Northwestern Events Calendar


CDB Seminar Series: Mechanisms of Blood-Brain Barrier Development, Breakdown and Repair in the CNS

When: Wednesday, March 4, 2020
12:00 PM - 1:00 PM  

Where: Ward Building, 5-230, 303 E. Chicago Avenue, Chicago, IL 60611 map it

Audience: Faculty/Staff - Student - Post Docs/Docs - Graduate Students

Contact: Vanessa Gonzalez   312.503.7959

Group: Department of Cell and Developmental Biology

Category: Lectures & Meetings



Mechanisms of Blood-Brain Barrier Development, Breakdown and Repair in the CNS


Dritan Agalliu, Ph.D.
Assistant Professor
Departments of Neurology, Pathology and Cell Biology, 
Columbia University Irving Medical Center


Wednesday, March 4, 2020

12:00 – 1:00 p.m.


303 E. Chicago St

Chicago, Illinois


Coffee and cookies served promptly at 12:00pm


Abstract and References:
Brain endothelial cells form a paracellular and transcellular barrier to blood-borne solutes via tight junctions and scarce endocytotic vesicles. The blood-brain barrier (BBB) plays a pivotal role in the healthy and diseased central nervous system (CNS). BBB damage contributes to increased CNS influx of serum proteins and immune cells, leading to severe pathological and neurological deficits in both ischemic stroke and multiple sclerosis; yet the cell biological mechanisms of how the paracellular BBB dysfunction occurs in these neurological disorders are not very well understood. Dr. Agalliu will present the latest research studies from his laboratory that address the cell biological mechanisms of blood-brain barrier dysfunction in neurological diseases associated with neurovascular dysfunction such as ischemic stroke and multiple sclerosis.  In addition, he will discuss the mechanisms by which Wnt/beta-catenin signaling regulates BBB formation during CNS development and its potential role in BBB repair in neurological diseases.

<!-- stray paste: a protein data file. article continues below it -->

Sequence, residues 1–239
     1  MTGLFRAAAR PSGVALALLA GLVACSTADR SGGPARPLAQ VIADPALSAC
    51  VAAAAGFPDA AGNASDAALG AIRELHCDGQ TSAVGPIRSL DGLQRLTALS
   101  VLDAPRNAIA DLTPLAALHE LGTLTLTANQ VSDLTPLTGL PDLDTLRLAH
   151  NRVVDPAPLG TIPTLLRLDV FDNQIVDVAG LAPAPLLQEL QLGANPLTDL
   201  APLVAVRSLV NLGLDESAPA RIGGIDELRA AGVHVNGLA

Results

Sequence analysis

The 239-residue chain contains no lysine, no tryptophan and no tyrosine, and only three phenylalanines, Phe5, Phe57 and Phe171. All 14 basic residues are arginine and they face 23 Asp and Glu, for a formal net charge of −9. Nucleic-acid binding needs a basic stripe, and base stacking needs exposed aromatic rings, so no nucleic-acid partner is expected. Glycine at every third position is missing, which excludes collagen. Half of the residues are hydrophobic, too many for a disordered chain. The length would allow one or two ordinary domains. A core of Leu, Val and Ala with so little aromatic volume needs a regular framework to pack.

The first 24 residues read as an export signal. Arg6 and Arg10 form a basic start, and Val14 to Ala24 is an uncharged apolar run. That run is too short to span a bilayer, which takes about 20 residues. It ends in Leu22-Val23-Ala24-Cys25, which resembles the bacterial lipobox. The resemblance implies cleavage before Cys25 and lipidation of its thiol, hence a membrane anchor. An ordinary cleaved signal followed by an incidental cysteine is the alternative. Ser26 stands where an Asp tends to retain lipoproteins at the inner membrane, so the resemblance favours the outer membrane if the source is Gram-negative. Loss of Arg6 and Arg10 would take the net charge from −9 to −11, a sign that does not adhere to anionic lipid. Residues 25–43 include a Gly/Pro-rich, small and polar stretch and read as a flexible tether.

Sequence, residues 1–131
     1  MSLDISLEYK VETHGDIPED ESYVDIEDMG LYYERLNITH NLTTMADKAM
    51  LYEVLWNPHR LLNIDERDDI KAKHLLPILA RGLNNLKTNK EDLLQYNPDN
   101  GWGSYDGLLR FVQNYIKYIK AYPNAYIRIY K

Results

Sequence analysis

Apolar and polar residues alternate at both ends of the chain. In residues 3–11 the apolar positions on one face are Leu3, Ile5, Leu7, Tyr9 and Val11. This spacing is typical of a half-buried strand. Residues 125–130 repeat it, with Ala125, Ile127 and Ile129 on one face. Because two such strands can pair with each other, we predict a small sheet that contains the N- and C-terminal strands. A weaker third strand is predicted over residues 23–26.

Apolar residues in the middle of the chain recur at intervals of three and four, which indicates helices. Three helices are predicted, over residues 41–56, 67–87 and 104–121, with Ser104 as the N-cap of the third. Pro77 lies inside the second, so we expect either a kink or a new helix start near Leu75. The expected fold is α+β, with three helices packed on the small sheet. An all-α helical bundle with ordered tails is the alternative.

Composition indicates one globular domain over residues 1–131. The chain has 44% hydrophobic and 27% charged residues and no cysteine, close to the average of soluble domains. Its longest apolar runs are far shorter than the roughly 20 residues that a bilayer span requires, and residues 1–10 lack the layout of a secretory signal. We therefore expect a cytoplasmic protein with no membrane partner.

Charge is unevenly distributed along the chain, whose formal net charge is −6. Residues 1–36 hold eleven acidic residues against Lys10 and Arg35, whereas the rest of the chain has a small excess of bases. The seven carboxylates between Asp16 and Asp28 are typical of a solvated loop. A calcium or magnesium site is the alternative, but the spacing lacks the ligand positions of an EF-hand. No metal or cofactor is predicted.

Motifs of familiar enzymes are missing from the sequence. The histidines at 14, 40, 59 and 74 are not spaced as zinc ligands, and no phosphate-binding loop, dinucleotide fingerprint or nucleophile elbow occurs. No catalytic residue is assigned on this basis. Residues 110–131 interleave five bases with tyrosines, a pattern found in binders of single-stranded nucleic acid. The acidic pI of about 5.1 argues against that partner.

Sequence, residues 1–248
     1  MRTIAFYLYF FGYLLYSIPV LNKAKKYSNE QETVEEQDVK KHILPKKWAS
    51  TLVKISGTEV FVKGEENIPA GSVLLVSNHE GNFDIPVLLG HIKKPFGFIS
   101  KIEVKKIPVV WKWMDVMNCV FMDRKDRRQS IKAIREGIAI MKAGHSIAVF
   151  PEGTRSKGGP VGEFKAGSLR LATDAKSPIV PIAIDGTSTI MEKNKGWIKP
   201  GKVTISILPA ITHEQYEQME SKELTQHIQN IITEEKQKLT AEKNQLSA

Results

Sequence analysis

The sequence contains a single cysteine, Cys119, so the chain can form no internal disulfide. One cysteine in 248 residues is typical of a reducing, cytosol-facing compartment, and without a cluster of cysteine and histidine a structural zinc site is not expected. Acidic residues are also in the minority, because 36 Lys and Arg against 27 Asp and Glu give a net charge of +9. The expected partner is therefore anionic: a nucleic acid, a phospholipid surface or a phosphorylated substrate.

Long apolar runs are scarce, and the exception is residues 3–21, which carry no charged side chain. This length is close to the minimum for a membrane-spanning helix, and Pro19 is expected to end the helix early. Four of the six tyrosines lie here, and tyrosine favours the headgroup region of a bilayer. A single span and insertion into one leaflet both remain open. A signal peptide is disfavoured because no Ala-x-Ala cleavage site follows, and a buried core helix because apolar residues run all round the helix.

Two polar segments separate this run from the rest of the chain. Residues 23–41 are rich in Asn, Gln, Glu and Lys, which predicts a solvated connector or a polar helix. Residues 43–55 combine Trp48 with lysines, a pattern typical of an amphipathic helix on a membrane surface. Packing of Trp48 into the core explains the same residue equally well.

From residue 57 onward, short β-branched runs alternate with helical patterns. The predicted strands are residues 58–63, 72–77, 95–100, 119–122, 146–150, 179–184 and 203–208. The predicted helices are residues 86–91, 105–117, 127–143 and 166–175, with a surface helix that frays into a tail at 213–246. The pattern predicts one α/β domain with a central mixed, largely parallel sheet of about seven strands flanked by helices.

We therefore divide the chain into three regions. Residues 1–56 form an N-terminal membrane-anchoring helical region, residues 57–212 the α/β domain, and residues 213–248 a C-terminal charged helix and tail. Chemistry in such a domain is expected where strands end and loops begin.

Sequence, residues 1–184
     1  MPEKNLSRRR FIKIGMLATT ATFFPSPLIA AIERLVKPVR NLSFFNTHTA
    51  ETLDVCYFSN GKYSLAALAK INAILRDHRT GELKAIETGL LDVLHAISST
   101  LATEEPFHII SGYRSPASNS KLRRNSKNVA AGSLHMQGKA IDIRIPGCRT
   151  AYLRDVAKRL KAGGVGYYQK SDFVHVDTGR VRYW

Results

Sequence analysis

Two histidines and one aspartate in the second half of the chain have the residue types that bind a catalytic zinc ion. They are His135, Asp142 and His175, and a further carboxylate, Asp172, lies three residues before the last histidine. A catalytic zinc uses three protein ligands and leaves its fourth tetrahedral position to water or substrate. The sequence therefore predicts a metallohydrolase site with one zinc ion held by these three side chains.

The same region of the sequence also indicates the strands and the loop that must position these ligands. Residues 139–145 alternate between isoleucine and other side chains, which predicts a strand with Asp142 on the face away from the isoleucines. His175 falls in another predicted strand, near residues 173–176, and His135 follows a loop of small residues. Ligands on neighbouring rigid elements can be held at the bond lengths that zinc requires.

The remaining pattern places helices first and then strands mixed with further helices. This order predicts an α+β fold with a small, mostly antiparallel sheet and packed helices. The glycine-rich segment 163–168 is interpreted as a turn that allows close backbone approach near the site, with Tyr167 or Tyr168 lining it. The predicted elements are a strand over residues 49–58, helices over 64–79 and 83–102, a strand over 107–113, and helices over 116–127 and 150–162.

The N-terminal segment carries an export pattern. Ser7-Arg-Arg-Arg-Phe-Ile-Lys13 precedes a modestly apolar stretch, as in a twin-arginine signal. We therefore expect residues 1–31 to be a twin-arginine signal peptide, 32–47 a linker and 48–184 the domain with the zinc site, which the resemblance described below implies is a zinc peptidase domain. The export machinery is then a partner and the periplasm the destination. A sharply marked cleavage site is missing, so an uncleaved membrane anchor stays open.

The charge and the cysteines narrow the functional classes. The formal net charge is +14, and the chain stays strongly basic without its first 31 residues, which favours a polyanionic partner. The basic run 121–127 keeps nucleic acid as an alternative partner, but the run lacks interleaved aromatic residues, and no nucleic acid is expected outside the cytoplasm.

Knowland, D., Arac, A., Sekiguchi, K., Hsu, M., Lutz, S.E., Perrino, J., Steinberg, G.K., Barres, B.A., Nimmerjahn, A. & Agalliu, D. (2014). Stepwise recruitment of transcellular and paracellular pathways underlies blood-brain barrier breakdown in stroke. Neuron, 82, 603-617. PMCID: PMC4016169.
Lengfeld, J., Lutz, S.E., Smith, J.R., Diaconu, C.D., Cameron, S., Koffman S., Agalliu, I, Walsh, C. and Agalliu, D. (2017). Endothelial Wnt/beta-catenin signaling reduces immune cell infiltration in multiple sclerosis. Proc. Natl. Acad. Sci. USA. doi: 10.1073/pnas.1609905114. PMCID: PMC5320985.
Lutz, S.E., Smith, J.R., Kim, D.H., Ellefsen, K., Smith, I.F., Gandhi, S.P. and Agalliu, D. (2017). Caveolin-1 is required for Th1 cell infiltration but not tight junction remodeling at the blood-brain barrier in autoimmune neuroinflammation. Cell Reports 21(8):2104-2117. PMCID: PMC5728697.
Mazzoni, J., Smith, J.R., Shahriar, S., Cutforth, T., Ceja, B., and Agalliu, D. (2017). The Wnt inhibitor Apcdd1 coordinates vascular pruning and barrier maturation in retinal blood vessels. Neuron 96(5):1055-1069. PMCID: PMC5728434.

For more information please contact Vanessa Gonzalez,

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